As a compatibilist on the free will issue, allow me to comment on why one kind of imposition need not be seen as an abridgement of freedom. For compatibilists like me, the paradigm case of a free choice would be to be allowed to choose solely on the basis of my beliefs, my values, and my desires. For instance, in an election, my vote is free if nothing interferes with my ability to vote for the candidate whom I sincerely believe to best represent my values and whose desires for the good of the country or community are most consistent with my own. However, I do not (or at least do not entirely) choose my beliefs, values, and desires. Ideally, my beliefs are determined by what seems true to me; my values are determined by what seems right to me; my desires are determined by what seems desirable to me. Seeming true to me, seeming right to me, and seeming desirable to me, are not, or at least not entirely, under my control.
Beliefs, then, do not appear to be totally under our control. Indeed, I would say that there are instances of what we might call “epistemic compulsion.” Perhaps the best instance of epistemic compulsion would be a genuine instance of an experimentum crucis. In July 1945, Los Alamos scientists had produced two designs for an atomic bomb, the simple, gun-design uranium bomb, and the more complex implosion-design plutonium bomb. They were confident that the uranium design would work and did not plan a test, but the plutonium bomb had to be tested, and hence the Trinity Test in the New Mexico desert on July 16, 1945. Many of the assembled Manhattan Project scientists were deeply dubious that “The Gadget” would work. J. Robert Oppenheimer, the scientific director of the project, bet that it would have a yield of only 300 tons of TNT—a fizzle. At 5:29 A.M. The Gadget went off with a yield of 20,000 tons of TNT. When the light “brighter than a thousand suns” filled the desert and the shock wave hit like an earthquake, there could be no doubt that The Gadget worked. Here we have a case of epistemic compulsion if ever there were one. All doubts were banished in that moment.
Epistemic compulsion, making the truth so plain that it cannot be doubted, is not a restriction of freedom in any pejorative sense. My freedom to believe is not unfairly or illicitly abridged by having the truth plainly demonstrated. Indeed, insofar as I am rational, I very much want my beliefs compelled in the right way, i.e. by a clear and accurate perception of the truth. The very measure of the strength and value of evidence is the extent to which it constrains our interpretive freedom. Many incompatible interpretations are possible when evidence is scanty or vague, but eventually we hope that the evidence will become so clear and compelling that wiggle room is reduced to nil.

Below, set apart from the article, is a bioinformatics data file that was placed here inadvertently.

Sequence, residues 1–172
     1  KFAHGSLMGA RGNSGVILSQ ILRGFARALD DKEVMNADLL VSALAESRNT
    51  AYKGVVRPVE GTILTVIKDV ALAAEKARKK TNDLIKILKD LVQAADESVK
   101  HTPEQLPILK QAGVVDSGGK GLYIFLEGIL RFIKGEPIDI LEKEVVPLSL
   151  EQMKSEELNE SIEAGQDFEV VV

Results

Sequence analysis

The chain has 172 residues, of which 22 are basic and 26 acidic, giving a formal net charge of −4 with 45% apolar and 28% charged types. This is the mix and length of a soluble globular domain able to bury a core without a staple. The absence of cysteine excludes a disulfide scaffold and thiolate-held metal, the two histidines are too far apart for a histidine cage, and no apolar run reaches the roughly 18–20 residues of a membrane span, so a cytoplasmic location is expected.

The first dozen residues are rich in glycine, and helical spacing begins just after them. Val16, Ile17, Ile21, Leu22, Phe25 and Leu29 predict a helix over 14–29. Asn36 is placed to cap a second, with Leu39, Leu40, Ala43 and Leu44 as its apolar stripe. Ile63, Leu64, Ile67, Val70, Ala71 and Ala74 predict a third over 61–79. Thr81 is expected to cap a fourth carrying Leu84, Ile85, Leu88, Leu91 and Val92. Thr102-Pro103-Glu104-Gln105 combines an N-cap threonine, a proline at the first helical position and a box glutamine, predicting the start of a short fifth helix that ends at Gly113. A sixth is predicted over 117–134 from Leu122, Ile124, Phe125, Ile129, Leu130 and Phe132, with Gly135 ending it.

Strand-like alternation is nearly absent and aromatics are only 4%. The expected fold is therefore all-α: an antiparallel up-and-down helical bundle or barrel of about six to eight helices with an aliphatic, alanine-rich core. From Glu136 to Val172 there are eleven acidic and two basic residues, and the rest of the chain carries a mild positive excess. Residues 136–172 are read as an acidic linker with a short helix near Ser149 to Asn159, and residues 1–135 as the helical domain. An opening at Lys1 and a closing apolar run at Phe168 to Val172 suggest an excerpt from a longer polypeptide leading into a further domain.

Interestingly, Scripture in places also seems to endorse proofs that make doubt impossible, at least temporarily. I Kings, chapter 18 tells the story of Elijah and the priests of Baal. Elijah challenges the worshippers of Baal to a contest. Elijah will build an altar to The Lord and the priests of Baal will build one to their deity. The side that calls down fire from heaven to consume the sacrifice will be proven to represent the true God. The priests of Baal try all day to no avail, as Elijah mocks and taunts them. Elijah then calls upon The Lord and a vast torrent of fire falls upon Elijah’s altar instantly consuming the sacrifice and even the altar itself. The assembled multitudes are given an overwhelming display of the power of The Lord, and they celebrate with a salutary massacre of the priests of Baal. This is about as good an instance of an experimentum crucis as one could want.